Let me summarize in a nutshell. The President, since about 10:30 p.m. last night after he returned here to the residence following some of his political chores around town, spoke with Prime Minister Blair four times and Prime Minister Ahern two times, Sinn Fein leader Gerry Adams twice, UUP leader David Trimble twice -- I mean once, excuse me, once with Trimble -- and with John Hume, the SDLP leader twice.

Roughly how the sequence of those calls -- this is picking up -- incorporating some of what I told those of you who were at the gaggle this morning. When the President returned to the residence last night he had a briefing from National Security Advisor Berger and Deputy National Security Advisor Jim Steinberg, who has been intensively involved for months now with the parties and with the government of the U.K. and the Republic of Ireland. They gave him a status report based on their conversations with their counterparts who were at Stormont.

Prime Minister Blair then made a prearranged call to the President about 10:30 p.m. He and President Clinton spoke for 15 minutes, and Prime Minister Blair briefed the President on his assessment -- or the Prime Minister's assessment of where things stood; suggested that he may, if possible, wish to be on standby because there might be a need for the President to engage as the evening went on.

About 12:30 a.m., the Prime Minister called the President again, and he and the Taoiseach actually shared the phone -- they must have been using a hold room or something at Stormont. But they both made several observations to the President, asked him to make some specific interventions, which the President indicated he was happy to do. At 12:50 a.m., the President called Gerry Adams and they spoke until 1:15 a.m. At 1:50 a.m., the President called John Hume, and they spoke until just after 2:00 a.m.

The President then had a follow-up conversation with Mr. Berger and Mr. Steinberg. I believe he tried to catch a little bit of sleep, but was interrupted at some point around about 3:00 a.m., I gather from Senator Mitchell's observations, but he had at some point roughly around 3:15 a.m. or so a long conversation with Senator Mitchell and thanked Senator Mitchell for the hard work that he had been doing and they assessed where things stood at that point.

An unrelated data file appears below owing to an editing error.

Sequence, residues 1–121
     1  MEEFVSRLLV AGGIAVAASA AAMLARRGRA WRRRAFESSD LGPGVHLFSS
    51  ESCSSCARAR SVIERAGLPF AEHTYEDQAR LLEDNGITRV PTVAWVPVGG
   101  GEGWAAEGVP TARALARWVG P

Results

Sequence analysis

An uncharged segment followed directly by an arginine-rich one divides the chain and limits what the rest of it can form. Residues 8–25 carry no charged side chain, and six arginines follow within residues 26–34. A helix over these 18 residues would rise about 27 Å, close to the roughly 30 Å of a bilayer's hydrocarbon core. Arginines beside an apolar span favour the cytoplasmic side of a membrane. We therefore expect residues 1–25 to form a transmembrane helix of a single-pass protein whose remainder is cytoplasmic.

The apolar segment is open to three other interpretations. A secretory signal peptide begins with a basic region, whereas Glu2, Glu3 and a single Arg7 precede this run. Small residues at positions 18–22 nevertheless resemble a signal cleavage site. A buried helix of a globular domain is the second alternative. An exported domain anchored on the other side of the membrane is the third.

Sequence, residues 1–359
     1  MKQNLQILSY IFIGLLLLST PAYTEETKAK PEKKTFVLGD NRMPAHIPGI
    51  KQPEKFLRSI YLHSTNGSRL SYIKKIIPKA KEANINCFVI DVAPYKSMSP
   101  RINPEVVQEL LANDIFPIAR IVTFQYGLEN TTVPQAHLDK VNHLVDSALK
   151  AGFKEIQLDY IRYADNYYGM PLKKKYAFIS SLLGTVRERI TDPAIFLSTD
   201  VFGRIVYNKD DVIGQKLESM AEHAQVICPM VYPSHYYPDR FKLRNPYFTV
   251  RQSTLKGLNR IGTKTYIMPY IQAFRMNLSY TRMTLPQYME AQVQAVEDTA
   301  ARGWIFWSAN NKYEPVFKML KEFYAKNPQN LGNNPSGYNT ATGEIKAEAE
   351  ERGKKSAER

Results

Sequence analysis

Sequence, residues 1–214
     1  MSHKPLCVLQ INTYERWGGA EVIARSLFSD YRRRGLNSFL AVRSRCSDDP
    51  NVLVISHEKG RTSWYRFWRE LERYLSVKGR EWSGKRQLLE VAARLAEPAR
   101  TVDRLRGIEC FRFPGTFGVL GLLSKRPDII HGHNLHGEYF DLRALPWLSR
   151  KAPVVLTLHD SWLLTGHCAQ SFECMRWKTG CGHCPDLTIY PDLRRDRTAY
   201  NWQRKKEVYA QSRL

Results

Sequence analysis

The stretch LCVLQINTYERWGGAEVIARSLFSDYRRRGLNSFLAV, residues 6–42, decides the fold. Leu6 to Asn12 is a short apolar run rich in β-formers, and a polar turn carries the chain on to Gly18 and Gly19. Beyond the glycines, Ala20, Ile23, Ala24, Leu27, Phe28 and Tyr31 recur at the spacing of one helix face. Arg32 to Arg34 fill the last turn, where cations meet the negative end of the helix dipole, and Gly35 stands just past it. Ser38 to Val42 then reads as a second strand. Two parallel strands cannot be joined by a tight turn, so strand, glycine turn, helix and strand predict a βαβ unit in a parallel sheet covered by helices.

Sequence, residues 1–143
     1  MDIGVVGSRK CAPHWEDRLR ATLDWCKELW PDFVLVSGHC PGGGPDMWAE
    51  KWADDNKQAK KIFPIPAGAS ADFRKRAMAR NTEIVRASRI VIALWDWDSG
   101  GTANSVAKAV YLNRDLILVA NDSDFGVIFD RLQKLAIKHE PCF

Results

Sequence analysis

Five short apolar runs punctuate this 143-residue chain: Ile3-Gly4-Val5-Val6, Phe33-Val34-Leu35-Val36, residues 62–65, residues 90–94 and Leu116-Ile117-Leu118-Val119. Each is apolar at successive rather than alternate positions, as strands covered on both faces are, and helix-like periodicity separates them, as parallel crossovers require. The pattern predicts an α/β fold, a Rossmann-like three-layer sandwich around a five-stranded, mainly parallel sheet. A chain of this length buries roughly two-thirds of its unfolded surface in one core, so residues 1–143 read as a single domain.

Our understanding is, as a result of the President's calls with Mr. Adams and with Mr. Hume, there were follow-up conversations that the two Prime Ministers had with the parties at Stormont, and things began to accelerate somewhat at that point.

At about 5:00 a.m. this morning, Sandy Berger got a lengthy read-out from his British counterpart and then had -- I believe there were some follow-up conversations with the parties in Stormont. That led to a conversation briefly, just after 5:00 a.m., between the President and Mr. Adams.

And then at 10:55 a.m. this morning, after the President had come here and started his workday, he had a lengthy call with David Trimble. At about 11:17 a.m., Prime Minister Blair again called the President. That call was briefly interrupted so that the Prime Minster could speak with Mr. Trimble. They obviously were talking in person.

At 11:30 a.m., Prime Minister Blair again called. The President had asked him to do several specific things that were necessary as the agreement took final shape. Based on that call, the President then first called the Taoiseach, Prime Minister Ahern. The President then called John Hume, and that conversation occurred just prior to Senator Mitchell's reconvening the final plenary session when the agreement was approved.

And the President was going to call Gerry Adams again after the session. I don't know whether they have connected yet.

Q Mike, the President made it sound like he was doing nothing more than cheerleading. But what you've just described sounds like he was very intensively involved in the negotiation and even --